5 things all sports car clubs need to learn

J.G.
By J.G. Pasterjak
Apr 14, 2024 | Column, Blog, autoccross | Posted in Columns | From the Oct. 2016 issue | Never miss an article

Photography Credit: Dave Green

Whether you’re selling cargo shorts, or putting on a rock concert, or staging an autocross, it’s all about customer service. Treat your customers well and they will come back and your business or club will thrive.

When it comes to customer service, though, lots of sports car clubs have a lot to learn. And If there’s one point you take away from this column, please let it be this: Just because you’ve always done something one way doesn’t mean it’s the right way to do it.

I’m going to provide a few examples of specific things that clubs can do to make their events run smoother, but this is by no means a definitive list. The good news is that there are lots of excellent guides out there by people and organizations with known positive track records. Seek them out. Consume them.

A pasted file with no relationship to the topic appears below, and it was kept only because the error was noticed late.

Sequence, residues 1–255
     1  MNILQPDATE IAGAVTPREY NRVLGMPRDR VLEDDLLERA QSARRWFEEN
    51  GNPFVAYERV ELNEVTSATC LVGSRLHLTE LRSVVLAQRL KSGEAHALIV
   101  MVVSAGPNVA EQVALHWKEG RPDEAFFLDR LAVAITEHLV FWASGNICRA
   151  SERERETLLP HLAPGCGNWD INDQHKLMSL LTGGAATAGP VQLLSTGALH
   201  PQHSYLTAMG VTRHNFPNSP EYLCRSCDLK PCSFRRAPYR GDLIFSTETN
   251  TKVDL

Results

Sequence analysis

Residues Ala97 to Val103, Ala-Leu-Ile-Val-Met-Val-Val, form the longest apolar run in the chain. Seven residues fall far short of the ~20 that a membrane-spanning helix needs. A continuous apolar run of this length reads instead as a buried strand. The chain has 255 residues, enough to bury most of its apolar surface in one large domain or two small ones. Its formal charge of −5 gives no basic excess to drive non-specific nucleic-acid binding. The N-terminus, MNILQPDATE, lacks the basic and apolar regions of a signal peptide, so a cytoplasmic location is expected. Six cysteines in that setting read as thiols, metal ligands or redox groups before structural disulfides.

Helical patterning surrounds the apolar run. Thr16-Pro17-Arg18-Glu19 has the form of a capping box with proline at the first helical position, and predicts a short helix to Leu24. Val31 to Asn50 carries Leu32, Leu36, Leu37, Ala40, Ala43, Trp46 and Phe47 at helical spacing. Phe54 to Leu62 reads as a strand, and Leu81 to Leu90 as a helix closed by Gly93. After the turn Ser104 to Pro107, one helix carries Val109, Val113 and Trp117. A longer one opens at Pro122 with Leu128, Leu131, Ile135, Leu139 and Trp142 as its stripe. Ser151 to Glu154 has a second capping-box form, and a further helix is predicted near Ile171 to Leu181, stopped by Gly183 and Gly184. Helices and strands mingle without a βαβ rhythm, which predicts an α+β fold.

Tip 1: Everyone hates drivers meetings. 

You know how long the drivers meeting at the SCCA Solo Nationals takes? Here’s a hint: It’s one of the largest participant motorsports events in the world, with more than a thousand drivers from hundreds of clubs all over the country competing. 

The drivers meeting lasts precisely zero minutes. If that is the standard for the signature event of our scene, there’s no earthly reason that a drivers meeting at a local community college with just 40 entrants needs to last half an hour. It’s a drivers meeting, not open mic night at Unkle YukYuk’s. Give people the info they need, then get the hell on with the day. 

Better yet, print the info they need on a big board that they can read while they wait in the registration line–or on a piece of paper you hand to them when they check in. 

Got novices? Give them the drivers meeting info while an experienced driver walks the course with them. 

Bottom line: If you start your day by wasting people’s time, they won’t come back.

 

Tip 2: Design your courses properly.

Can you send a car out on course every 20 seconds? If the answer is no, you’re screwing it up. Now, admittedly, some sites have realistic limitations on course design, but some clubs also refuse to design efficient courses.